Sentinel lymph node biopsy in melanoma of the head and neck.

Journal Article (Journal Article)

BACKGROUND: The sentinel lymph node is the first node or nodes to drain a cutaneous melanoma. Sentinel lymph node biopsy is performed to determine whether regional metastases are present. The authors' experience with the new technique of sentinel lymph node biopsy for melanoma of the head and neck is reported. PATIENTS AND METHODS: During the period of January of 1992 to December of 1995, 58 consecutive patients were identified from the melanoma database who had localization of the sentinel lymph node for primary cutaneous melanoma of the head and neck. Techniques for identification of the sentinel node(s) include preoperative lymphoscintigraphy and intraoperative Lymphazurin dye (vital blue dye) and technetium-99m-labeled sulfur colloid injection around the primary tumor site with Neoprobe mapping. RESULTS: Fifty-eight patients (13 female, 45 male), mean age 61 years, with melanoma of the head and neck with a mean Breslow thickness of 2.21 mm. (range, 0.82-6.87 mm.) and no regional lymphadenopathy underwent sentinel node mapping. The sentinel node was successfully identified in 55 patients (95 percent). Blue dye was visualized in 85 of 126 sentinel nodes excised (67 percent), whereas the remainder of the sentinel nodes were localized with the Neoprobe. Forty-nine patients who had successful mapping and sentinel node biopsy had no evidence of metastatic disease in the sentinel node or other nodes in the basin. Six of the fifty-five patients (11 percent) had evidence of micrometastatic disease, and all six had the sentinel node as the only site of metastasis. Five of six patients with micrometastases had a subsequent neck dissection and/or superficial parotidectomy. None of these patients had evidence of "skip metastases" with a negative sentinel node and higher level nodes positive for metastases. In total, 6 of the 18 sentinel nodes (33 percent) identified in these six patients contained micrometastatic disease, whereas none of the 139 other nodes sampled had any evidence of metastases. The exact probability that all six unpaired observations would consist of involvement of only the sentinel nodes is p = 0.0312. CONCLUSIONS: By combining the two mapping techniques in patients with melanoma of the head and neck, the sentinel node(s) can be mapped and identified individually, similar to melanoma in other locations. The sentinel nodes have been shown to contain the first evidence of regional metastatic melanoma. This staging information can be used to plan therapeutic node dissections and adjuvant therapy that may have a survival benefit in patients with stage III melanoma of the head and neck. Lymphatic mapping can be used to make the surgical care of the melanoma patient more conservative, so that only those patients with solid evidence of regional node metastases are subjected to the morbidity and expense of a complete node dissection and the toxicities of adjuvant therapy.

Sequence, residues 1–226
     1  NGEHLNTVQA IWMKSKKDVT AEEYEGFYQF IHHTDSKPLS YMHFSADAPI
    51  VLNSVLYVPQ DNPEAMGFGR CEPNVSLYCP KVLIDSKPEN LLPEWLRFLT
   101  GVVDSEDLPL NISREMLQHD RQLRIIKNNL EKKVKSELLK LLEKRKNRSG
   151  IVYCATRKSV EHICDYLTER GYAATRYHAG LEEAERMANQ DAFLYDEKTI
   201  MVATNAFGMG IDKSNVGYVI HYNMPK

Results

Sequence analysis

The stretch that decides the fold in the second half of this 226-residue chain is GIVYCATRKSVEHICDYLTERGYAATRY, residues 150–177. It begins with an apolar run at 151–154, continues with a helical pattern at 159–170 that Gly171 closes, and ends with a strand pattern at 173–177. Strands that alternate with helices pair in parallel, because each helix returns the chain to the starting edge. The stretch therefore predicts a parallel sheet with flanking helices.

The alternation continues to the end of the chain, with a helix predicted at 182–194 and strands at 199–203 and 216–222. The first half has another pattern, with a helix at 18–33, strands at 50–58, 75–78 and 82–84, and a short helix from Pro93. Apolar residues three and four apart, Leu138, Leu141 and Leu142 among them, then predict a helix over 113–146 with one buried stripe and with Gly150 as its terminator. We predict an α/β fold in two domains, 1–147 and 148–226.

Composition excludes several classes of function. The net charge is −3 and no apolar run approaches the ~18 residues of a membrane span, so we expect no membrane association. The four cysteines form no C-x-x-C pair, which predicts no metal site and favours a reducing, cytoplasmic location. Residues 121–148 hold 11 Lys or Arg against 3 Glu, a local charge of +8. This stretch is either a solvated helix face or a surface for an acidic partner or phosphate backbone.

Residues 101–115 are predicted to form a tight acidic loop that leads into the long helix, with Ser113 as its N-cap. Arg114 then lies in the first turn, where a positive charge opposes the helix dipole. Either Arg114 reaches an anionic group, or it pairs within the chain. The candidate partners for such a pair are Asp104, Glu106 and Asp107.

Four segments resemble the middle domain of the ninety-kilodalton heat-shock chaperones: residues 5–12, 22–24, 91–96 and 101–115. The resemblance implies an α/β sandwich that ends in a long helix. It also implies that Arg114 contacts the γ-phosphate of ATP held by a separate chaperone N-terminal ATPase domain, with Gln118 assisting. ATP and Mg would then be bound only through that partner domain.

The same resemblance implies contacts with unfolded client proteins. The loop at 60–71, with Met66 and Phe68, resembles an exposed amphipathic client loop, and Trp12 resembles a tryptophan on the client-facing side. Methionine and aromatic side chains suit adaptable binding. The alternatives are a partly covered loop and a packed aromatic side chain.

Full Text

Duke Authors

Cited Authors

  • Wells, KE; Rapaport, DP; Cruse, CW; Payne, W; Albertini, J; Berman, C; Lyman, GH; Reintgen, DS

Published Date

  • September 1997

Published In

Volume / Issue

  • 100 / 3

Start / End Page

  • 591 - 594

PubMed ID

  • 9283554

International Standard Serial Number (ISSN)

  • 0032-1052

Digital Object Identifier (DOI)

  • 10.1097/00006534-199709000-00006


  • eng

Conference Location

  • United States